Sustaining customer relationships with green communication

It is widely agreed that the world needs to act quickly to tackle global issues such as climate change and inequality in our societies, Paragon’s Head of ESG Lucy Klinkenberg-Matthews explains how businesses can play a role.


Sustaining customer relationships with green communication

New email alert on laptop, communication connection message to global letters in the workplace.

Businesses are adopting more sustainable practices across their organisations and value chain, and it will be collaboration across value chains that will accelerate the drive to Net Zero. It is important to consider all areas of your business activities, including how you communicate with your customers.

90% of customers have decided to make more sustainable choices over the last five years, and consequently businesses are under greater scrutiny to demonstrate their commitment to sustainability. Businesses need to communicate with their customers through a wide range of channels to meet their changing demands. Like any activity, communicating with customers, whether through printed or digital communications, generates a carbon footprint.

The carbon footprint of customer communications

Consumer research shows that the majority (59%) of people prefer to receive communication from brands via email. A staggering 333 billion emails are sent every day across the globe and the use of email communication suits brands in three distinct ways: it’s a simple lift, it satisfies the request of most customers, and finally, it is seen as more environmentally responsible than using postal services that deliver physical communications. It is important to remember that there is still a carbon footprint associated with delivering an email, and while there is research to suggest this is lower than delivering a printed item through the post, the addition of sound and video or a complex call to action can increase that carbon footprint significantly.

In neglecting the carbon footprint of emails, many companies are guilty of contributing to mass email traffic that frequently has minimal commercial impact due to its ‘see what sticks’ approach. The number of emails that go unread is extortionate, leading to the flooding of inboxes and the impact of each email being lost.

How to reduce excessive communication

Consequently, you need to focus on creating a greater commercial impact through communications via a more streamlined approach. This involves thinking critically and strategically about what your customers need and want to receive. By streamlining your customer communications, businesses can improve customers’ perception of their brand, improve customer engagement and retention, and reduce their carbon emissions.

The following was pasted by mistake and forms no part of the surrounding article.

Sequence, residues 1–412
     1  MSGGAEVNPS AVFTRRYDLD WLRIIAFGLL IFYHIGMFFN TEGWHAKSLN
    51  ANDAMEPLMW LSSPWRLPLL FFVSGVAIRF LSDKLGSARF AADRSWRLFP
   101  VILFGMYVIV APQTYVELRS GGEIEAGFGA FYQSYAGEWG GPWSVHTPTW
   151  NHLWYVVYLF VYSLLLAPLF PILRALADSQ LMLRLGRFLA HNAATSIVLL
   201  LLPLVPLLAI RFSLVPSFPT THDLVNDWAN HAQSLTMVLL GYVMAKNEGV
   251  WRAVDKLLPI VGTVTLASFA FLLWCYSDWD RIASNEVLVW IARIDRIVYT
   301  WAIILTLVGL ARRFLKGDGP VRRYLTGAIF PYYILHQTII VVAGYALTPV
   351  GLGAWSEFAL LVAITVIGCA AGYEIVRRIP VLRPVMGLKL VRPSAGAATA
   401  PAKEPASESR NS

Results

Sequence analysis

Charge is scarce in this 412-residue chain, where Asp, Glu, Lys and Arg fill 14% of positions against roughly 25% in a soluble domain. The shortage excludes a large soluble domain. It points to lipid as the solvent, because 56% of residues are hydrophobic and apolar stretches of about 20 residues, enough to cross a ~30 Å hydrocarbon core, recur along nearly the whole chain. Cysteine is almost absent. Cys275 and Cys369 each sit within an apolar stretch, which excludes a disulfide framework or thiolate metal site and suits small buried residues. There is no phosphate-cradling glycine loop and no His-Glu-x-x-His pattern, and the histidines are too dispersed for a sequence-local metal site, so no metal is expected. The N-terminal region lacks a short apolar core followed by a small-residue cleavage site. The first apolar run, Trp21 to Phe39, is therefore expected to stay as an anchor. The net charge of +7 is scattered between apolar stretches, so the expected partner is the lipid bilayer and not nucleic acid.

Prioritising considered communications

Customers want to feel valued. This means being more targeted and tailoring the volume, channel and content of communications to customers’ specific requirements to ensure you are meeting their needs.

Suggestions like going digital-only often prove untenable in practice, and this of course won’t completely eliminate your business’ carbon footprint. Consequently, there is a need for an omnichannel communications approach that balances flexibility with satisfying customer preferences.

Approaches that incorporate physical and digital mail enable customers to decide for themselves which forms of communication they want to receive. Customers wishing to receive physical mail can still do so, while those who want to go digital can do so too.

Forming this balance is crucial, and it’s worth remembering the type of information being communicated when considering what form it should take. Important documents often require physical copies, while generic marketing communications are more effective in digital form, for example.

Calculating the carbon emissions associated with your communications is a really valuable exercise and helps drive responsible decision making around the formats, stock, and data management that can reduce the carbon footprint of a printed communication, or help inform decisions on digital communication strategies.

Communication is a vital part of a business’ strategy, so providing transparency around the associated carbon and environmental impact can help drive responsible strategies that improve customer experience and brand reputation while reducing the environmental footprint.

© Faversham House Ltd 2022 edie news articles may be copied or forwarded for individual use only. No other reproduction or distribution is permitted without prior written consent.

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